1/4 tsp salt
3/4 c honey
3 eggs
1/2 c cream
2 tsp white vinegar
1 tsp vanilla paste
1 or 2 Tbsp flake sea salt for finishing (Maldon is a good choice)

All of the mixing can be done by hand. Melt butter and combine with the sugar, salt and cornmeal to make a thick paste. Add the honey, vanilla and vinegar and mix together. Fold in the eggs, add the cream and blend. Pour the filling into a pre-baked pie shell and bake at 350 F for 45 to 60 minutes. The filling will puff up like a marshmallow and the center will be just slightly wobbly. Once cooled (at least one hour), finish with a sprinkling of flake sea salt. Slice and serve with freshly whipped cream.

Four & Twenty Blackbirds Pie Crust

This recipe makes one double crusted, 9-inch pie (you only need one crust for the honey pie--if you make both, you can freeze the other one).

2 1/2 cups all-purpose unbleached flour
1 teaspoon salt
1 tablespoon sugar
1/2 pound (2 sticks) cold unsalted butter, cut into 1/2-inch pieces
8-10 tablespoons ice water with cider vinegar, or more as needed (combine 1 cup cold water, 1/8 cup cider vinegar and ice)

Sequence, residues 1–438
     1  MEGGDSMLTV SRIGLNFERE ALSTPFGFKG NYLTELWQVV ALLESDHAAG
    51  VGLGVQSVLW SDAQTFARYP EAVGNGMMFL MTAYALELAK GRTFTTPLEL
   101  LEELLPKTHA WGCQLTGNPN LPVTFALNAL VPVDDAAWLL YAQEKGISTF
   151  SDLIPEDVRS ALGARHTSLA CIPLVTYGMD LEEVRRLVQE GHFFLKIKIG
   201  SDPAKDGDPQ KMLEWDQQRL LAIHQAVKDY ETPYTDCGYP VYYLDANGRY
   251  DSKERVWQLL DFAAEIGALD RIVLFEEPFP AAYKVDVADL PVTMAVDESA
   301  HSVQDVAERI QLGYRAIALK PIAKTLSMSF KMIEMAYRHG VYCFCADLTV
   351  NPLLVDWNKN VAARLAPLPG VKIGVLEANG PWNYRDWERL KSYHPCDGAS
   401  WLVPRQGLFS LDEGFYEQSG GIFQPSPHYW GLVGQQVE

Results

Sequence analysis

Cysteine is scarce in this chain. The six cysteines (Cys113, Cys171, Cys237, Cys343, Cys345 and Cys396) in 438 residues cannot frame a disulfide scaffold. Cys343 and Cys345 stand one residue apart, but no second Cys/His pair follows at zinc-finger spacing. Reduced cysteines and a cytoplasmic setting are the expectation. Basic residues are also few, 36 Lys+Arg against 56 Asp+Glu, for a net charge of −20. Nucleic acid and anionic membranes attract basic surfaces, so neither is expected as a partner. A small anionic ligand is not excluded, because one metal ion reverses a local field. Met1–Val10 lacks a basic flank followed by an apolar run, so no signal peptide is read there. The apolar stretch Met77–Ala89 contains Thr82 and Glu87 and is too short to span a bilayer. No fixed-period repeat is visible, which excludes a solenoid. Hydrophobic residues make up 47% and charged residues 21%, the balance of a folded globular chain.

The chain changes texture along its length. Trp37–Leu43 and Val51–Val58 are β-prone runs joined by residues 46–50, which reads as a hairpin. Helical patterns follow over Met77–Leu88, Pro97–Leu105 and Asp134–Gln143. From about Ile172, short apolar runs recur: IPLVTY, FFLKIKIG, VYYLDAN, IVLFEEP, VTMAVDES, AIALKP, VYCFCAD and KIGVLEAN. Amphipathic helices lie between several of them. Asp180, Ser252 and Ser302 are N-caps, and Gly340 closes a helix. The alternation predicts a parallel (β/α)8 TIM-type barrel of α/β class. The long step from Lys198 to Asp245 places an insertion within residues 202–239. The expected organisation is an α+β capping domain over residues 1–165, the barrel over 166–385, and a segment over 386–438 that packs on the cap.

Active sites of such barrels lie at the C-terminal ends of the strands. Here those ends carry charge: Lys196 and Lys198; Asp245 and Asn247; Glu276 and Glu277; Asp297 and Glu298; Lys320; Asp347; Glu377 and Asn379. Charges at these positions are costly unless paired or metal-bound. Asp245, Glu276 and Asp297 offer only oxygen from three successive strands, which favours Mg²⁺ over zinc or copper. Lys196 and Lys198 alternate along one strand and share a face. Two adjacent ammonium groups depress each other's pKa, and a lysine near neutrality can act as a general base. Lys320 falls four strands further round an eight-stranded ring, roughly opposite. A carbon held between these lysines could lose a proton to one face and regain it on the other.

Whisk the dry ingredients together and blend with a hand-held pastry blender (or a knife and fork or two forks) the chopped, cold butter, being careful not to overwork during this step. The butter should be in pea-sized chunks, not too big, but not completely incorporated. Slowly add the ice water and vinegar mixture and bring the dough completely together by hand, again being careful not to overwork. Aim to create a marbleized effect, so that the butter is still visible. Divide into 2 discs, wrap in plastic and chill 1 hour or more before use. To pre-bake a crust for a custard pie: Roll one disc of crust out to fit a 9-inch pan, about 1/4 inch thick. Place in a buttered pie pan, and crimp the edges as desired. Allow to rest and cool in freezer or fridge for at least 20 minutes. Line the rolled-out crust with tinfoil or unwaxed parchment paper, add pie weights or about a cup of dry beans if you don’t have pie weights. Distribute them evenly. Bake in a 375 F oven for 20 minutes. Allow to cool slightly before filling with custard.